Blank Spots on the Map: The Dark Geography of the Pentagon's Secret World
Welcome to a top-level clearance world that doesn't exist...Now with updated material for the paperback edition.
This is the adventurous, insightful, and often chilling story of a road trip through a shadow nation of state secrets, clandestine military bases, black sites, hidden laboratories, and top-secret agencies that make up what insiders call the "black world."
Here, geographer and provocateur Trevor Paglen knocks on the doors of CIA prisons, stakes out a covert air base in Nevada from a mountaintop 30 miles away, dissects the Defense Department's multibillion dollar "black" budget, and interviews those who live on the edges of these blank spots.
Whether Paglen reports from a hotel room in Vegas, a secret prison in Kabul, or a trailer in Shoshone Indian territory, he is impassioned, rigorous, relentless-and delivers eye-opening details.
There was a man who wasn't there.
By Retired Reader - March 15, 2009
The U.S. National Security Act of 1947 established a national security structure which was felt to be necessary to protect the U.S. from what was perceived as serious threats from foreign and domestic enemies. Almost immediately a parallel structure, invisible to public, was created as a compliment to the public national security establishment. This parallel structure is what this absolutely fascinating book refers to as the "black world."
According to Trevor Paglen, a geographer by trade, this black world can bounded by adroit compilation of blank areas on official maps, deleted passages from official documents, and acute observations of restricted areas and activities. Well he has certainly done a very thorough job of it. He begins with the secret and unacknowledged government test sites scattered throughout the country, but especially in the South Western U.S. that actually employ an astonishingly large number military and civilian workers yet still are literarily off... read more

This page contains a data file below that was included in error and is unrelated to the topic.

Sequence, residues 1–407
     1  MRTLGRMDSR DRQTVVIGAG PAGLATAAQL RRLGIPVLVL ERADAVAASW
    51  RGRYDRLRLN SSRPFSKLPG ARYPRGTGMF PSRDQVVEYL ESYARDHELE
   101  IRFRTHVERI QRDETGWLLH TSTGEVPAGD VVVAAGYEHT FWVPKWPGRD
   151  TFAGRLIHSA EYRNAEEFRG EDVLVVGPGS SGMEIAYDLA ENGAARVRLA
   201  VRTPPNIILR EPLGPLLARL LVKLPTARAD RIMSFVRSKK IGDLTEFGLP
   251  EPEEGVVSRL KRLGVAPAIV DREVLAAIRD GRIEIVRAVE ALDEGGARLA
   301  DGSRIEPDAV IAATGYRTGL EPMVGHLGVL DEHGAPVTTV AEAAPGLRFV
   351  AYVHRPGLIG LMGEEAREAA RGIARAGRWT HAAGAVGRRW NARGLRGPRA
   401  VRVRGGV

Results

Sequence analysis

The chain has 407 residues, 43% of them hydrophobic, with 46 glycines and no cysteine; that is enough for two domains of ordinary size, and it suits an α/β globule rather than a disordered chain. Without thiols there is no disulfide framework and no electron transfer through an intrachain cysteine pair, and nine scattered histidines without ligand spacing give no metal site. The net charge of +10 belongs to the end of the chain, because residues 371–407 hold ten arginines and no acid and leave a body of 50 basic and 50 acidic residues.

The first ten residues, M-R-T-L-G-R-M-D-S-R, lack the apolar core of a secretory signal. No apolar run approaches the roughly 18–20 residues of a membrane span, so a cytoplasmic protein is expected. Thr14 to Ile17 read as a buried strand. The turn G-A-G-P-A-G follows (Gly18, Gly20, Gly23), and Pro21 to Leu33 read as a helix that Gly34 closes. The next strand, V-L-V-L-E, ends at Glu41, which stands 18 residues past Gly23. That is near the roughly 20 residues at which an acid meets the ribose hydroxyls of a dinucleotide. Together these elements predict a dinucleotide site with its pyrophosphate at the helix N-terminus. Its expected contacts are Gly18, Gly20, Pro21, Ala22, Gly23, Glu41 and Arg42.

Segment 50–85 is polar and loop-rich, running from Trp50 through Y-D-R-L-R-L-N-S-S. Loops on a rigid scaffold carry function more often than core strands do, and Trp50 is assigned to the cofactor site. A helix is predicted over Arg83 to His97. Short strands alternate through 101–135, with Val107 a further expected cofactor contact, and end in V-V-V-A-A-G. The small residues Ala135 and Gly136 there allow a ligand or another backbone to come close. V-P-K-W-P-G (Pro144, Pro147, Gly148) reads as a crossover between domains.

Overstated, biased, a bit sloppy, but interesting
By Victor A. Vyssotsky "mandvav" - March 30, 2010
This book espouses the viewpoint that the large amount of money expended on "black" programs and activities, because it is not detailed in the budget, undermines the foundations of American democracy. That viewpoint is worth considering, whether one agrees with it or not, and Mr. Paglen offers much information to support his case. However, he overstates his case in various ways, distorts the interpretation of certain facts, and pastes together a collection of unrelated information and anecdotes. This leaves the book less convincing to a knowledgeable reader than it should be. None the less, it's worth reading.
As an example of the problems of the book I'll touch on the work at Groom Lake (Area 51), on the Nevada Test Range, operated as part of Nellis Air Force Base. Mr. Paglen asserts that the work at Groom Lake is so secret that not even the name "Groom Lake" can be used in publio. That may have been true many years ago, but isn't now. Indeed, a large amount of information... read more
Wheels within Wheels
By Robert C. Olson - February 16, 2009
Wheels within Wheels An interesting historical review of the "Black" world of American intelligence operations. The title is a little misleading but considering the subject matter that seems rather appropriate. Mr. Paglen does an adequate job of historical documentation on all aspects of the secret and above secret "Black" world of alphabet soup intelligence agencies. At times he is rather pedantic in certain aspects of the intelligence world, like super secret intelligence satellites, while quickly glossing over more interesting operations like Iran-Contra and Groom Lake. His chapter on Federal Law and the evolution of today's massive intelligence gathering machine is very interesting and worthy of more examination. One of the most interesting little nuggets that Mr. Paglen highlighted was, "At this moment approximately four million (his italics) people in the United States hold security clearances to work on classified projects. By way of contrast, the federal... read more
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